Read the entire story on Active Boarder Acquiring SierraSnowboard.com.
5. BP Oil Spill
The devastating news of the BP Oil Spill hit the Gulf Coast hard back in April after the Deepwater Horizon exploded and sank on April 20. Several Gulf Coast surf shops reported that sales were off by more than 80% in July compared to 2009, and attributed the decline mainly to the amount of attention the story received from mainstream media which discouraged tourists from visiting the area.
Get a detailed look at what happened in this interview with Surfrider Foundation Marketing and Communications Director Matt McClain. Surfrider celebrated a major victory recently when the Obama administration announced a ban on new offshore drilling along U.S. shores for the next seven years.
4. The Evolving Chinese Market: What’s To Come For The Action Sports Industry
In our November issue, we took a look at why the earth’s largest nation is facing labor shortages and how action sports companies are responding.
Roughly a year after laying off millions of factory workers, a country that once seemed to have an unlimited supply of cheap labor is starting to show the world that its seemingly inexhaustible well is beginning to dry up. China, a country with 1.3 billion people, is seeing its workers climb the economic ladder to the middle class, various domestic policies are making cheap labor more difficult to come by, and in turn, action sports manufacturers are struggling with increasing costs and production times for Chinese-built goods.
China's developing economy, demands for higher wages, new labor laws, and limited shipping containers are just a few of the contributing factors that have led to delayed shipments for action sports brands. This has many manufacturers rethinking their Chinese production strategies.
We recently talked with Flat Fitty’s Noel Rix about the changing economic landscape.
3. Billabong Acquires RVCA
After months of rumors, Billabong International announced on July 11 that it had entered into an agreement to acquire Costa Mesa, California-based apparel brand RVCA for an undisclosed sum. The acquisition notice came as little surprise, as speculation of the news had been circulating since early spring. In fact, during an exclusive TransWorld Business interview conducted in May, RVCA Founder Pat Tenore made this statement when asked whether the brand was for sale:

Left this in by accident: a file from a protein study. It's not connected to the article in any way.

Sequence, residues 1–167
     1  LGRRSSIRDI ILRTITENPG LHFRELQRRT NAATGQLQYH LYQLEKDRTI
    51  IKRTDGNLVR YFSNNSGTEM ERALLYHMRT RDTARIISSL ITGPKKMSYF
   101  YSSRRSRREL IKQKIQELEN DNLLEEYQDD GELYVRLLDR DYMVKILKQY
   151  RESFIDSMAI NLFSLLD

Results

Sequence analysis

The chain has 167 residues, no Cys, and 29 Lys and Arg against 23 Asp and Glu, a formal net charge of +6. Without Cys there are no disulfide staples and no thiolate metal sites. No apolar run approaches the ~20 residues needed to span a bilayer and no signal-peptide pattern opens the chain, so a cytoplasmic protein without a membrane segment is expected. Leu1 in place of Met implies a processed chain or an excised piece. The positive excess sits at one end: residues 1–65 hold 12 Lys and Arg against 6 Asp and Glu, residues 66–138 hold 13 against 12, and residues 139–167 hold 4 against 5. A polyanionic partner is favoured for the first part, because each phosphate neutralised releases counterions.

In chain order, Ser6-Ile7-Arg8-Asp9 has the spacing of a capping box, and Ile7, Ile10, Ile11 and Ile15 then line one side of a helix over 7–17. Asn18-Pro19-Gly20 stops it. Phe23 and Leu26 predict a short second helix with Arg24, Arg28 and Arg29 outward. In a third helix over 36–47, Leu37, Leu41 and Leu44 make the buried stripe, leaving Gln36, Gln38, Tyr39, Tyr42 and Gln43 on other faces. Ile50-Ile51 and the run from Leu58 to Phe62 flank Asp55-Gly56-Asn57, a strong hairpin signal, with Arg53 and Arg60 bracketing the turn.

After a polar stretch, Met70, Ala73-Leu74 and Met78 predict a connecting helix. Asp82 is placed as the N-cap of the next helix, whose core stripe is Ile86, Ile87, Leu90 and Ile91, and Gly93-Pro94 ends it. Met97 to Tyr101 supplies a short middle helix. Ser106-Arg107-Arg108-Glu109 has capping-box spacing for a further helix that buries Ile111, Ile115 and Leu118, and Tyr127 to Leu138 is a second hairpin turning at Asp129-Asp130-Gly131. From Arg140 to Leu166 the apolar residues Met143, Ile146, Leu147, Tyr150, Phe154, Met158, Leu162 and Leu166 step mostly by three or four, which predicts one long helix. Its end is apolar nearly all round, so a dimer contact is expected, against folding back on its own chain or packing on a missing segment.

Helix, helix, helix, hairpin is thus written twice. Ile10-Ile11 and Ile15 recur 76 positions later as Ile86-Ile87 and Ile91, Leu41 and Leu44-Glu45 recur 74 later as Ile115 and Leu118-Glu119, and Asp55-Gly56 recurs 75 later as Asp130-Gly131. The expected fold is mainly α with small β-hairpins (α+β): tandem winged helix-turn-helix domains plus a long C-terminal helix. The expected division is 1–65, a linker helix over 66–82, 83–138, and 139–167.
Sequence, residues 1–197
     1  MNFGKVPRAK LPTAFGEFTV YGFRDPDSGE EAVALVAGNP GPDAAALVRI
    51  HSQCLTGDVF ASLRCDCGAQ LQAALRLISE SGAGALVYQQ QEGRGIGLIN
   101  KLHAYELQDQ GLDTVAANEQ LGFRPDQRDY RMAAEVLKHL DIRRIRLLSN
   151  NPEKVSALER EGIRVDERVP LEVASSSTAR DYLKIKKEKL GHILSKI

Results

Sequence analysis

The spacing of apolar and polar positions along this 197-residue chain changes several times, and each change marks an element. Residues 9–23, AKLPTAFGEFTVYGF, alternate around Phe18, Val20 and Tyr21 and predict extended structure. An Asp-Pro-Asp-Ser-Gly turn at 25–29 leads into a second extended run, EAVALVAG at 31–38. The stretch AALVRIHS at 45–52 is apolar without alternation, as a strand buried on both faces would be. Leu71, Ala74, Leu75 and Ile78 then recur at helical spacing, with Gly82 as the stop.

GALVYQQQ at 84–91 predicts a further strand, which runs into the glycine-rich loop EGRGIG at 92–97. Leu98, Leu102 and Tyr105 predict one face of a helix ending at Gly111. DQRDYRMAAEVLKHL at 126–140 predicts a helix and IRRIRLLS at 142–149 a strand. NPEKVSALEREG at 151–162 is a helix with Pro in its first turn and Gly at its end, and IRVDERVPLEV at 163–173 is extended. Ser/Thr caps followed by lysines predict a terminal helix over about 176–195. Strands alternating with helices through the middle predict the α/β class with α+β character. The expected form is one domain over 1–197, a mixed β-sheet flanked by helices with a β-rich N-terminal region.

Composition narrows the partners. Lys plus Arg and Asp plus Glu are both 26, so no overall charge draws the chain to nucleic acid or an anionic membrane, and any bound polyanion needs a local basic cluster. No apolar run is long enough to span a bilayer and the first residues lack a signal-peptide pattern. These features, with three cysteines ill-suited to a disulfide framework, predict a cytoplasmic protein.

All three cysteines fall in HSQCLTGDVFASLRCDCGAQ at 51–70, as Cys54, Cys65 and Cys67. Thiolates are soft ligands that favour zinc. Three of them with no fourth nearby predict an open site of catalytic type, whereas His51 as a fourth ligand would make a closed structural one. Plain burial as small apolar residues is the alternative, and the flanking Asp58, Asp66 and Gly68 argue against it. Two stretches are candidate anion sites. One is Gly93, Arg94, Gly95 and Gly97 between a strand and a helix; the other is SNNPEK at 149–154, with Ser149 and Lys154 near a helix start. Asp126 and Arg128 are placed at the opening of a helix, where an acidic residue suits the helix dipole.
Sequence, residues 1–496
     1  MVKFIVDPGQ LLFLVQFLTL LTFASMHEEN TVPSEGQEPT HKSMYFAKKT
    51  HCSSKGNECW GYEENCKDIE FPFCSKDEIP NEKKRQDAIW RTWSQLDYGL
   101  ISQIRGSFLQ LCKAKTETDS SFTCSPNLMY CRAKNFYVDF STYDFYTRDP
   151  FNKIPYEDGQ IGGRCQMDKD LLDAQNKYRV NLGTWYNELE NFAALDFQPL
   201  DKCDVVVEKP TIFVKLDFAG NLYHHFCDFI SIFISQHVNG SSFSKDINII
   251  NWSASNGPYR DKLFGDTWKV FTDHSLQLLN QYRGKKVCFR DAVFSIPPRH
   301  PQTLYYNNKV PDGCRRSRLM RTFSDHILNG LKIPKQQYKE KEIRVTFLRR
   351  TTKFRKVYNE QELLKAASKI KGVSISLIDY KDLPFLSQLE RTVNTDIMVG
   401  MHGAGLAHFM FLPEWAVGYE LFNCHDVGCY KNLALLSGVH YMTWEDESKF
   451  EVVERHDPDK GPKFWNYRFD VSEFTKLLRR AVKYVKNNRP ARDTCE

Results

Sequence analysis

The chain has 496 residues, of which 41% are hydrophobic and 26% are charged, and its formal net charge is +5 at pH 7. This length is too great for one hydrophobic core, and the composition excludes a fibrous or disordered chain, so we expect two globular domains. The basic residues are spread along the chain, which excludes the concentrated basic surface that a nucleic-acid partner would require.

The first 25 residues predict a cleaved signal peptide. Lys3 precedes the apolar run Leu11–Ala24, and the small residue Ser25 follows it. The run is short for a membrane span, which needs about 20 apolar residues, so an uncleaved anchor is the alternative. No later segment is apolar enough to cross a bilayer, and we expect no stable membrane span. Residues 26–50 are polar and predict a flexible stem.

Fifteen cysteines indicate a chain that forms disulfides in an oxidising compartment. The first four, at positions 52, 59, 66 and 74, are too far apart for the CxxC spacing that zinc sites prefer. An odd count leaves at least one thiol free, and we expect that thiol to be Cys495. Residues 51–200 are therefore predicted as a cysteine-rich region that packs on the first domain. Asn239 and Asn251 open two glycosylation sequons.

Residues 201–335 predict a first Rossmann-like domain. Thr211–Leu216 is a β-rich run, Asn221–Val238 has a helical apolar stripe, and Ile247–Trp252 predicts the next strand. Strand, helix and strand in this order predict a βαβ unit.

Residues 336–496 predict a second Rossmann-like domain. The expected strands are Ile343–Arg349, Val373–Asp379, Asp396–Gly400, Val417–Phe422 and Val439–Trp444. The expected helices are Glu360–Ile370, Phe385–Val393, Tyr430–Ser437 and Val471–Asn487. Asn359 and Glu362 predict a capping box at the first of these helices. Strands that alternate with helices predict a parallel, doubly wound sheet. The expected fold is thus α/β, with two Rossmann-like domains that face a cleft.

"RVCA started in my garage and I have given it everything I have for the past nine years. Ultimately, I want to do what is right for the brand, my team, and everyone involved with RVCA. I think I have a responsibility to keep an open mind and not close any doors or miss opportunities."
Read the full story about Billabong’s acquisition of RVCA.
2. Andy Irons Passes Away at Age 32
The surf world was shocked and saddened by the loss of one of its favorite sons when Andy Irons passed away on November 2nd in a hotel room at the Dallas airport. Memorial paddle-outs in honor of AI were held worldwide as well as in Puerto Rico where the World Tour was gathered for the Rip Curl Search Puerto Rico.
Our deepest condolences go out to the friends and family of Andy.
1. ASR Is No More: Action Sports Retailer trade show folds
Following nearly 30 years of action sports trade shows in San Diego, the news of the show's cessation was apparently leaked at the beginning of November, following an announcement Tuesday, November 2, by San Juan Capistrano-based Nielsen Expositions, which puts on ASR, to the San Diego Convention Center.
Andy Tompkins, VP of Nielsen Sports Group, released a statement Wednesday discussing the factors contributing to Nielsen's decision to suspend the trade show, which include a challenging period for the market, competition among key brands and consolidation among retail shops.This dynamic, combined with tight credit markets, has been hard on the new, smaller or up-and-coming brands as well as many independent surf, skate and boutique retailers," states Tompkins in the release. "We expect this consolidated and competitive situation to continue to characterize the action sports industry in California for some time to come. Given these fundamental changes, it has proven to be increasingly difficult for the ASR shows in San Diego to serve the new needs of the action sports marketplace. Therefore, we are indefinitely suspending these events."